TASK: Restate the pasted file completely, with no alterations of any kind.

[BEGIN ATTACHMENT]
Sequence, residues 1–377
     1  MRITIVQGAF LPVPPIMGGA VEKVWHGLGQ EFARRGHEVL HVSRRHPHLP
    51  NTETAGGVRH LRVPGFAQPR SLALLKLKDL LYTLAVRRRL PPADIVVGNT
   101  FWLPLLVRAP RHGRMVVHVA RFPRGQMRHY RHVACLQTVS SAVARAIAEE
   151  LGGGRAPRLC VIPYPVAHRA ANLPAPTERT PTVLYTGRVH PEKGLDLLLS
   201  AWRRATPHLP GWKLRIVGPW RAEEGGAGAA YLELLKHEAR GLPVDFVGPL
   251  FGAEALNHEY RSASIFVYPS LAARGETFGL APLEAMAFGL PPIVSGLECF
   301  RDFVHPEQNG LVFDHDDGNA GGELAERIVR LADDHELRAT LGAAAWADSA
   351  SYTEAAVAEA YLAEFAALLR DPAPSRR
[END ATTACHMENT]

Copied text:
Sequence, residues 1–377
     1  MRITIVQGAF LPVPPIMGGA VEKVWHGLGQ EFARRGHEVL HVSRRHPHLP
    51  NTETAGGVRH LRVPGFAQPR SLALLKLKDL LYTLAVRRRL PPADIVVGNT
   101  FWLPLLVRAP RHGRMVVHVA RFPRGQMRHY RHVACLQTVS SAVARAIAEE
   151  LGGGRAPRLC VIPYPVAHRA ANLPAPTERT PTVLYTGRVH PEKGLDLLLS
   201  AWRRATPHLP GWKLRIVGPW RAEEGGAGAA YLELLKHEAR GLPVDFVGPL
   251  FGAEALNHEY RSASIFVYPS LAARGETFGL APLEAMAFGL PPIVSGLECF
   301  RDFVHPEQNG LVFDHDDGNA GGELAERIVR LADDHELRAT LGAAAWADSA
   351  SYTEAAVAEA YLAEFAALLR DPAPSRR